Backing to the Future: Innovation in Artificial Grass Tufts
One of the most important signs of the quality of synthetic grass in Melbourne is, ironically, something that you cannot see. The backing, also known as the tuft due to its process, helps to keep the grass in place, help with drainage, and keep the overall shape of the surface intact. But what exactly is in the backing, and what does each different component inside the synthetic turf tuft do?
In this article, we’re going to run through the key aspects of the grass backing. We hope that it will prove to be a comprehensive buyer’s guide for those looking to purchase artificial turf in Melbourne. At Xtreme Turf, we only ever use the highest quality of materials in the manufacturing of our products, making sure your purchase is a great investment.
A brief history
When fake grass was becoming popular in the 1950’s, the backing consisted of a perforated fabric. Polyurethane was then used as a form of glue to hold the fibres into place, in a similar way to how carpets are made, and that would be that. Whilst this, at the time, was the best practice, the surfaces often lost their shape, and wore out extremely quickly.
With the need for more durability came perhaps the most famous form of fake lawn in Astroturf. AstroTurf was invented in 1965, and was one of the first to use a nylon backing for greater strength and longer life. AstroTurf was not without its downfalls, however, with many players commenting on the lack of traction, as well as criticism of how a ball played off of it.
To the present day
Many things have changed since these times. For one, whilst nylon was a much better substitute for fabric, it has been replaced with textured rubber latex. This rubber compound is far more durable, and resists heat in ways that the older nylon surfaces could not. As well as this, there are many other sub layers that lie below the backing material.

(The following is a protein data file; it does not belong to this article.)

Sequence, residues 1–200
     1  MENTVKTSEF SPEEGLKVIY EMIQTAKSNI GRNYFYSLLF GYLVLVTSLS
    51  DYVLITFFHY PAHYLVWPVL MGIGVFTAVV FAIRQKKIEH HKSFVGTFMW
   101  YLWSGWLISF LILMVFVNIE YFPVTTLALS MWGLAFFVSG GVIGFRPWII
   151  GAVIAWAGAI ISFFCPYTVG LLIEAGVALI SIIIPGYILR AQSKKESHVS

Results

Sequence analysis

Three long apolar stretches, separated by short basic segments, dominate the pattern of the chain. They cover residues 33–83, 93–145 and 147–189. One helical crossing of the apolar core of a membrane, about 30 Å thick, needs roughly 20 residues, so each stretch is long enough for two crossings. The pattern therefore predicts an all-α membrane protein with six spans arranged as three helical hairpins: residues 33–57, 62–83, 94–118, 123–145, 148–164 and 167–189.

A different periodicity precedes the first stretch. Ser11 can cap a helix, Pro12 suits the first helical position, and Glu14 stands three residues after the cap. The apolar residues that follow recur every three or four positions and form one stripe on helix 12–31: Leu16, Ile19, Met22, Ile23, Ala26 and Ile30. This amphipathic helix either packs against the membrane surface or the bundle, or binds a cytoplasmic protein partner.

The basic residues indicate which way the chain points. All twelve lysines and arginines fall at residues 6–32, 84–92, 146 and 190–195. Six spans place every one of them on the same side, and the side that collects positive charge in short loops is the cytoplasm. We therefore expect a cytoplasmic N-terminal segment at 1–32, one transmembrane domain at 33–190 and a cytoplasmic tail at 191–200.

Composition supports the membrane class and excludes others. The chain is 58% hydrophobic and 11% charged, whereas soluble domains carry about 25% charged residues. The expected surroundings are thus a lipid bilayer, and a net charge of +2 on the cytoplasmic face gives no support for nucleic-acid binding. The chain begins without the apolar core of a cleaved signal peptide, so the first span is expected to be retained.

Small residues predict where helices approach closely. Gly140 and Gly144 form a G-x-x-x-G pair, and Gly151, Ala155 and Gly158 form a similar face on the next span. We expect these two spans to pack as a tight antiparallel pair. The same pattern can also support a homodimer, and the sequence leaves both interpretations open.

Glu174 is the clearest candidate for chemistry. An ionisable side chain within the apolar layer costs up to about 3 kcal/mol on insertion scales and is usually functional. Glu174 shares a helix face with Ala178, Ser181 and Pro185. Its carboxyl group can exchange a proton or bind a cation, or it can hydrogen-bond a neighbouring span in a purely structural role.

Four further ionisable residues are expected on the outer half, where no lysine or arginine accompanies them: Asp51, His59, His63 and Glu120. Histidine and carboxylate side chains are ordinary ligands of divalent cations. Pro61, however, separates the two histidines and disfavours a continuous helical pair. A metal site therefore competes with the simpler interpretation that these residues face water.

Conventional fake grass will be comprised of at least three layers; the tuft, infill, and a sub-base below. All three play a huge part in keeping the synthetic turf in shape, as well as its sporting applications. If these three components are made to a poor standard, as is common with many cheaper turf installations, you can expect to pay much more in upkeep and maintenance.
The sub-base is what lies above the other three, including the actual grass fibres. It is the job of the sub-base to make sure that the shape and flatness of the surface is kept even at all times. For sporting artificial turf, the sub-base becomes a little more important, as it is here where the playability of the sport of choice is either made or broken.
Traditional sub-bases incorporate a mixed rubber layer, and are perforated to withstand flooding and ease drainage. This rarely changes or differs from one application to another, unless the surface is being used for sport. In which case, depending on the sport, additional padding and compounds may be required.
The infill has historically been a source of importance for synthetic lawn manufacturers. Remember the story we told about AstroTurf earlier in the article? The infill was designed to add traction and grip, and is constantly improved and developed upon almost each year. Earlier infills used to contain many heavy metals, however this use was widely discontinued in the 1990’s.
There are many different types of infills, ranging from complex, plastic mixtures of polyurethanes, to another rubber material. The choice of infill used is completely dependent on its purpose. Sporting applications will want more grip and control, especially for tennis or football, whilst homeowners will be more interested in the comfort it provides.
The backing part of the tuft acts in a similar manner to carpet. It’s job is to hold its shape, minimise the possibility of shrinking under extreme weather conditions, and create a stable bed to house the fake grass fibres. The backing is very important to the overall product, as if it is made poorly, its lifespan will dramatically decrease.
The backing is divided into two parts, one which is called a canvas (alternatively a tuft canvas), and the other which is just known as the backing. The tuft canvas is made out of flexible polypropylene, and allows for the grass blades to be fastened into place. The actual backing holds the whole product down, securing it into position and keeping its shape.
Trying to get your head around synthetic turf backing? All of the staff here at Xtreme Turf know artificial grass back to front, so to speak. We’ll be more than happy to answer any questions or enquiries that you may have. Simply send us a message, and we’ll get back to you as soon as possible.